14. A composition sheet comprising a resilient I body provided with a series of perforations extending transversely thereof and separated by sponge rubber partition walls, and a facing layer applied to surface at least one side of the perforated body, said cavities being several times as large in every dimension as the thickness of said partition walls whereby said resilient sheet is adapted to serve as a multicelled container.

15. An article of manufacture comprising a series of partition walls intersecting one another and at right angles to a common plane, said partition Walls being of sponged rubber, and an end wall of unsponged rubber; said intersecting partition Walls forming spaces therebetween which are several times as large in every dimension as the thickness of said partition walls whereby said article is adapted to serve as a multicelled container.

16. An article of manufacture comprising a series of partition walls intersecting one another and all lying at right angles to a common plane, said partition Walls being of sponged rubber and an end wall of unsponged rubber; said partition Walls being irregular in direction of extent ands spacing to form irregularly shaped spaces therebetween.

ALBERT C. FISCHER.

Referenced by
Citing PatentFiling datePublication dateApplicantTitle
US2503164 *Jan 10, 1949Apr 4, 1950 Pneumatic cellular structure
US2899077 *Aug 30, 1954Aug 11, 1959 Compression holder for elongated
US2954074 *Dec 16, 1955Sep 27, 1960Schaller Ruth Erika GertraudStructural units for upholstery purposes
US2980046 *Apr 14, 1955Apr 18, 1961Lockheed Aircraft CorpDraw dies for multiple action press
US3210233 *Aug 27, 1962Oct 5, 1965Mcdonnell Aircraft CorpHeat insulating and ablative structure and method of making same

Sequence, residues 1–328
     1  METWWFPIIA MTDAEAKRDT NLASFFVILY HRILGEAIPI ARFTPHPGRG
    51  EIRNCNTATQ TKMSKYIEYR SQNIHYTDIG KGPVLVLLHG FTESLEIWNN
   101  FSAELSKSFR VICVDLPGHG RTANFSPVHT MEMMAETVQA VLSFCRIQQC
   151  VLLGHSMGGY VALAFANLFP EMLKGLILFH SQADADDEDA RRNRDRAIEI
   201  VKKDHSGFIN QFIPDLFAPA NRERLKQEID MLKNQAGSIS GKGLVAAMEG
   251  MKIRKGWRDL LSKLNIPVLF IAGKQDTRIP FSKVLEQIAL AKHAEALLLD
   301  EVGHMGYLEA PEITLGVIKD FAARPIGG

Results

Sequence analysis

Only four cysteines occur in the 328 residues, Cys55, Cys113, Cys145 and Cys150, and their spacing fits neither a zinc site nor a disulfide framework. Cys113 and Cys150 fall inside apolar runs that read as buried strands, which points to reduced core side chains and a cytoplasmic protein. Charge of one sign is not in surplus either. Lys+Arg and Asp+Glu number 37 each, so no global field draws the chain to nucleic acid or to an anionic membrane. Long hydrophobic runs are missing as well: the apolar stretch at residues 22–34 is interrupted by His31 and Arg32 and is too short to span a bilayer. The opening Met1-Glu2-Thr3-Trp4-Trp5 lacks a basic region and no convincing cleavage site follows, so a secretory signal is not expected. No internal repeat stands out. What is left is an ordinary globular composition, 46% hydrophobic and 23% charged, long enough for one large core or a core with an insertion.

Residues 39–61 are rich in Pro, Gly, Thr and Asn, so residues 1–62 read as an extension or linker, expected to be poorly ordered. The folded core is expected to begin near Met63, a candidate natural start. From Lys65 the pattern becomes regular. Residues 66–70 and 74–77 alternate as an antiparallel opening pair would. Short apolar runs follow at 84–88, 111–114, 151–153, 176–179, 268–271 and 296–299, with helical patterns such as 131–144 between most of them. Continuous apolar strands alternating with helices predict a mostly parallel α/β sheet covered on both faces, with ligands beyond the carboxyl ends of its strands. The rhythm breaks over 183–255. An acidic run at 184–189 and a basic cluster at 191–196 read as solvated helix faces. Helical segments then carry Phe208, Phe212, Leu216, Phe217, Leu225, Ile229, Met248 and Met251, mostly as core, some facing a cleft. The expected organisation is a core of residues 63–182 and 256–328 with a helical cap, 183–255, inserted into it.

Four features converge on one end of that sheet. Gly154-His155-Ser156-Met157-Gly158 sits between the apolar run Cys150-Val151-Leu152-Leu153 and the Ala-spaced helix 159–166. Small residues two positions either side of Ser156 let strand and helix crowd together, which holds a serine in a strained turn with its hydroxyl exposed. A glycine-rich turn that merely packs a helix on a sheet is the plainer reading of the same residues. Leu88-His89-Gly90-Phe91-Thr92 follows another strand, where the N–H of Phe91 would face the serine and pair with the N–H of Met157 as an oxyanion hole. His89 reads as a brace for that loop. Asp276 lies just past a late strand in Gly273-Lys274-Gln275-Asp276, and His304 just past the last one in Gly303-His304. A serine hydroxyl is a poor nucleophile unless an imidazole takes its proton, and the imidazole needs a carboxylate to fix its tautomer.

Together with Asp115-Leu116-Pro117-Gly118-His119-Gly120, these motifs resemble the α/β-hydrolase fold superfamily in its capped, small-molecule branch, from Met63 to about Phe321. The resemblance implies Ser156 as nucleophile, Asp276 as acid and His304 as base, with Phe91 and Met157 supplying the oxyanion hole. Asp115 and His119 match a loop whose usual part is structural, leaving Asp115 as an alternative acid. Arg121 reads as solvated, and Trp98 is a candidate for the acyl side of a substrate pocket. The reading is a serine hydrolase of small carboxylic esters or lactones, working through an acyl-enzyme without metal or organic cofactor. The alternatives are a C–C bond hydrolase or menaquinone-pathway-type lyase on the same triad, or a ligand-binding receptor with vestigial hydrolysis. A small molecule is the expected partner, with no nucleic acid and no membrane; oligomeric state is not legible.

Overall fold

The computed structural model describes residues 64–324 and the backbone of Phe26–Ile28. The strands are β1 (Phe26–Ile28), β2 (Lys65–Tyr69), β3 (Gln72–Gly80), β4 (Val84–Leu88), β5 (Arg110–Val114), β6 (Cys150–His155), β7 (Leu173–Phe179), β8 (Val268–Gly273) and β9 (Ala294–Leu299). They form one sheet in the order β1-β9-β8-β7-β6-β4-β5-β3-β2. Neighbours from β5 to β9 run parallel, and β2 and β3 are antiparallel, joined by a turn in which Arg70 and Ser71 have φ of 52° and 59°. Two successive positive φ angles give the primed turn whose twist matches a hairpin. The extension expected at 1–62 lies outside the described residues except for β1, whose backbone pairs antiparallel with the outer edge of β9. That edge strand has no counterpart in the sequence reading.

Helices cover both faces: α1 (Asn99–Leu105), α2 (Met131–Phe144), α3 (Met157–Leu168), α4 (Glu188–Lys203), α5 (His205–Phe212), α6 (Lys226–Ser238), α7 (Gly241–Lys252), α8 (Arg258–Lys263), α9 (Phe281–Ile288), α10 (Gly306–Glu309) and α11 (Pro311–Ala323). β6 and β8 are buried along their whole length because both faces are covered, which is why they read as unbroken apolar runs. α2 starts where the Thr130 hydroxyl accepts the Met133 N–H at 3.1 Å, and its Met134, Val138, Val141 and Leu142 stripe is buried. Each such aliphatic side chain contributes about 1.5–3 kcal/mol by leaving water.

US3697029 *Dec 23, 1970Oct 10, 1972Owens Illinois IncSupporting pad for a pallet
US3753843 *Jun 29, 1970Aug 21, 1973Monostruct Corp LtdMolded structural panel
US4360549 *Mar 12, 1981Nov 23, 1982Toyoda Gosei Co., Ltd.Molding
US4497477 *Nov 5, 1981Feb 5, 1985Morton Glass WorksApparatus for cutting glass into various shapes
US4533585 *May 25, 1984Aug 6, 1985Mobil Oil CorporationLiquid holding packaging tray
US4595132 *Nov 1, 1983Jun 17, 1986Morton Glass WorksDevice for fracturing glass along a scoreline
US5314735 *Jul 16, 1991May 24, 1994The United States Of America As Represented By The United States Department Of EnergySurface coating for prevention of crust formation
US8266858 *Feb 17, 2010Sep 18, 2012Unisaf Enterprise Company LimitedWaterproof heat-insulation construction method and module
US20110197532 *Feb 17, 2010Aug 18, 2011Teng Chung-HsienWaterproof heat-insulation construction method and module
Classifications
U.S. Classification428/73, 428/212, 428/116, 428/134, 428/74, 428/138, 428/105, 428/318.6, 428/117, 428/120
Cooperative ClassificationB29K2105/04, B29K2021/00